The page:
Similarly, contributions for employee retirement benefits that the borrower paid or incurred during the Covered Period or Alternative Payroll Covered Period qualify as “payroll costs” eligible for loan forgiveness. An employer’s contributions for retirement benefits included in the loan forgiveness amount as payroll costs cannot include any retirement contributions deducted from employees’ pay or otherwise paid by employees. Forgiveness is not provided for employer contributions for retirement benefits accelerated from periods outside the Covered Period or Alternative Covered Period.
Some non-payroll costs also may be credited toward loan forgiveness. Payments of interest on business mortgages on real or personal property (such as an auto loan) are eligible for loan forgiveness. However, interest on unsecured credit is not eligible for loan forgiveness. Although interest on unsecured credit incurred before February 15, 2020 is a permissible use of PPP loan proceeds, this expense is not eligible for forgiveness.
Similarly, a borrower may also count toward loan forgiveness payments made on recently renewed leases or interest payments on refinanced mortgage loans if the original lease or mortgage existed prior to February 15, 2020.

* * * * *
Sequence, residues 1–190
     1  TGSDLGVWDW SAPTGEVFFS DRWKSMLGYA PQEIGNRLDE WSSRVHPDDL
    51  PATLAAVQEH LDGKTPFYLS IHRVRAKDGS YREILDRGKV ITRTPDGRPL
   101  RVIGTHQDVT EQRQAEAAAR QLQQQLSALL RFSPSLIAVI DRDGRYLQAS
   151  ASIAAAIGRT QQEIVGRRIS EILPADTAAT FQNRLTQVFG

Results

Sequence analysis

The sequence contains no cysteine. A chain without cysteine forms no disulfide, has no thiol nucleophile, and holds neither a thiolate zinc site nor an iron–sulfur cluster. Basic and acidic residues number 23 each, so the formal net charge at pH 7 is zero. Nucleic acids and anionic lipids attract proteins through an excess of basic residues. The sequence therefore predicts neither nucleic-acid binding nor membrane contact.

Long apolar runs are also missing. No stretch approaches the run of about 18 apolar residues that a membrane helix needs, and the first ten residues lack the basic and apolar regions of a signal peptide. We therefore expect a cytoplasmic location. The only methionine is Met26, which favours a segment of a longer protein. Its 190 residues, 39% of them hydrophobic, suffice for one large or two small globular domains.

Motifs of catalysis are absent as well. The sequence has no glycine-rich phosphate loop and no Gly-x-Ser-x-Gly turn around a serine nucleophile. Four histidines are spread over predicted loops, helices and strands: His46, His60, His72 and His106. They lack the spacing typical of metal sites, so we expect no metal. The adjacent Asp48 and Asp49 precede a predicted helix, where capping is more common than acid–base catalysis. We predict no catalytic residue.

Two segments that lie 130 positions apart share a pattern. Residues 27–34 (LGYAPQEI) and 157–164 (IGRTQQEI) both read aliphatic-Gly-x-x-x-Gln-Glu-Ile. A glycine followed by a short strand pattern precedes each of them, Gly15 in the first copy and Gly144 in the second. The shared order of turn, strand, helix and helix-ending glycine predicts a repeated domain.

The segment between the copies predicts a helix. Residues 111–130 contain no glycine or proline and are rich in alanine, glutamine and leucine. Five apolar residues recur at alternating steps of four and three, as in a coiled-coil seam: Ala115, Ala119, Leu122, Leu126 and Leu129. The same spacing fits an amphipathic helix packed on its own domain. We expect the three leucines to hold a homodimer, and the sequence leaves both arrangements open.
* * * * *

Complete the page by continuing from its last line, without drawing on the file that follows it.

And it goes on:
Like so many aspects of life, the timing of the payments is critical. Four separate time periods must be taken into account.
- One way to measure the “Covered Period” is the 24-week (168-day) period beginning on the PPP loan disbursement date (the date when the bank credited the loan proceeds to the borrower). For example, if the borrower is using a 24-week Covered Period and received its PPP loan proceeds on Monday, April 20, the first day of the Covered Period is April 20 and the last day of the Covered Period is Sunday, October 4. In no event may the Covered Period extend beyond December 31, 2020.
- On the other hand, if the borrower received its PPP loan before June 5, 2020, the borrower may elect to use an eight-week (56-day) Covered Period that begins on the disbursement date.
- Borrowers with a biweekly (or more frequent) payroll schedule may elect to calculate eligible payroll costs using the 24-week (168-day) period (or for loans received before June 5, 2020, at the borrower’s election, the eight-week (56-day) period) that begins on the first day of their first pay period following the PPP loan disbursement date (i.e., the “Alternative Covered Period”). For example, if the borrower is using a 24-week Alternative Payroll Covered Period and received its PPP loan proceeds on Monday, April 20, and the first day of its first pay period following its PPP loan disbursement is Sunday, April 26, the first day of the Alternative Payroll Covered Period is April 26 and the last day of the Alternative Payroll Covered Period is Saturday, October 10.
- For certain kinds of expenses, such as health plan insurance premium payments and utility payments, the period begins on the last day of the applicable 168-day or 56-day period and ends on the next following scheduled payment date.